Early May, Nara Park becomes the paradise of wisteria flowers where both wild and caltivated ones are in full bloom. I love wild wiseria flowers.
This is my secret place to enjoy wild wisteria flowers, which is part of the grounds of Kasuga Grand Shrine . Crossing a small brook, a gently rolling grass land with the mysterious legends appears before your eyes. Here is the utopia of the deer and wild wisteria.
Now deer are shedding winter fur.
When Nara was the capital of Japan in the 8th century, the Fujiwaras were the most powerful and rich clan. They expanded their political power through marriage with the Imperial family. Fujiwara means "Wisteria Field" and they loved wisteria flowers.
However, wisteria trees are doomed that they can not live or grow without coiling other trees. The tree looks like entire wisteria tree, but the vines of the wisteria are coiling and squeezing a big tree and climbing up to the top to bloom.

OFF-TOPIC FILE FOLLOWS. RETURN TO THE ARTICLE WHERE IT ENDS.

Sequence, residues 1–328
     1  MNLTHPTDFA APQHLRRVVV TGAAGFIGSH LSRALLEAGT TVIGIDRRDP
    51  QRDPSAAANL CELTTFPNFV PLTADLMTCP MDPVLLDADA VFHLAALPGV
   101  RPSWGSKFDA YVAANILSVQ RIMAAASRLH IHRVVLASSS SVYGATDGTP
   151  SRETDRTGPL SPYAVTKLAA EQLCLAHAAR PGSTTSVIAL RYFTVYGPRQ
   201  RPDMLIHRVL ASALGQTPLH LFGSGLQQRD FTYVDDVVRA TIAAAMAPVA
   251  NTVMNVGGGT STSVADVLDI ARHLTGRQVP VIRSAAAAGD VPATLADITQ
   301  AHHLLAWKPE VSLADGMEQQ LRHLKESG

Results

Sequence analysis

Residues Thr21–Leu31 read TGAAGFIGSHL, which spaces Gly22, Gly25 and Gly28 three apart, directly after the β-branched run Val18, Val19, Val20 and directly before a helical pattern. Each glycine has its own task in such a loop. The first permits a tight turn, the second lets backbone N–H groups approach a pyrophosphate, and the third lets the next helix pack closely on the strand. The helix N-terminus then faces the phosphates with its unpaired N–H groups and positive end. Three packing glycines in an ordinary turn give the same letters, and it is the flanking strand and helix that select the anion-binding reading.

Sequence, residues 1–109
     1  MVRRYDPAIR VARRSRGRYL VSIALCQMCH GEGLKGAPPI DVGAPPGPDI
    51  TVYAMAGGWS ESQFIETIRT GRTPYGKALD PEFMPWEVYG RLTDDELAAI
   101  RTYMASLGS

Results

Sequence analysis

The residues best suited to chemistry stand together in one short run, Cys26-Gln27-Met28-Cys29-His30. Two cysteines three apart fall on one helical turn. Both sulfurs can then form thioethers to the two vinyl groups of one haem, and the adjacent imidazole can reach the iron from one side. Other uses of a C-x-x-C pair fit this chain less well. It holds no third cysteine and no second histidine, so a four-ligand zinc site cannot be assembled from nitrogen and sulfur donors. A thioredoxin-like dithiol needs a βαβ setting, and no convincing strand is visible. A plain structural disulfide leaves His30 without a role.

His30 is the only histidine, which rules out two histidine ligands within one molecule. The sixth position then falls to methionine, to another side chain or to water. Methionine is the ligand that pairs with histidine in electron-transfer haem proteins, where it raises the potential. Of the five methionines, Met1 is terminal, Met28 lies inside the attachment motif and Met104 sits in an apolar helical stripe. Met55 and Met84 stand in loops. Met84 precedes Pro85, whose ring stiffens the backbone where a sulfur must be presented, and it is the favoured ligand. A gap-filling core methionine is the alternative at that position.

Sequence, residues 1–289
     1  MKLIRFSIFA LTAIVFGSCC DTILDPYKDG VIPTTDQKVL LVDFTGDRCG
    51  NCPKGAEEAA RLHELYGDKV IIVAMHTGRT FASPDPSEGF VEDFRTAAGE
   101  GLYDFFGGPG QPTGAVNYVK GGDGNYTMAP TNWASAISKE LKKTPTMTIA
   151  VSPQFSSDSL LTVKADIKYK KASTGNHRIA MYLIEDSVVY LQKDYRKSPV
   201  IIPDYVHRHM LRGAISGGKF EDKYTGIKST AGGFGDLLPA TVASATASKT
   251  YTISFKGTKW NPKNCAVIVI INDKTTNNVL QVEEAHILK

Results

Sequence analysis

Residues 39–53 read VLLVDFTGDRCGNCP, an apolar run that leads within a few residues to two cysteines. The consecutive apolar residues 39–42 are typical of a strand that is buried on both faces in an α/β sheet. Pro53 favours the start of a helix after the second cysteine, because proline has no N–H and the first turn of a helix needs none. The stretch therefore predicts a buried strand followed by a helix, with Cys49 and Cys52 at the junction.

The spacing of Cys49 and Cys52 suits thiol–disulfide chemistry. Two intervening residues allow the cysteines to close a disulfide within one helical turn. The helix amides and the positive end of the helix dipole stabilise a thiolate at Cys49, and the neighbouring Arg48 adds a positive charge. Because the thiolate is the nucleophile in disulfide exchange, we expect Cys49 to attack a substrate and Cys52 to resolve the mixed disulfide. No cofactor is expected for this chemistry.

The coiling vines of the wisteria look like squiggling huge snakes. The flowers are very beautiful and the color of the flowers is noble, but under the blooming flowers such quiet struggles have taken place. Maybe these coiling vines of wisteria trees are the legacy to symbolize the ancient power struggles fought among the Fujiwaras and the imperial family and other powerful clans.
This is more than 800 year-old "Sunazuri-no-Fuji (Touching the Sand Wisteria ) in front of the sanctuary of Kasuga Grand Shrine. This wisteria is very famous for its long clusters. The clusters are so long that they almost touch the sand or the ground. Last Year, the longest cluster was measured 1.6 meres in length.
Kasuga Grand Shrine was founded as a guardian shrine of the Fujiwaras,
so shrine maidens wear the crown of wisteria.
In Kofuku-ji Temple, a guardian temple of the Fujiwara family
The wisteria season has already passed and the petals of the flowers are resting on lanterns.
On the way back home, I saw this sunset. The clouds reminded me of feathers of a phoenix.
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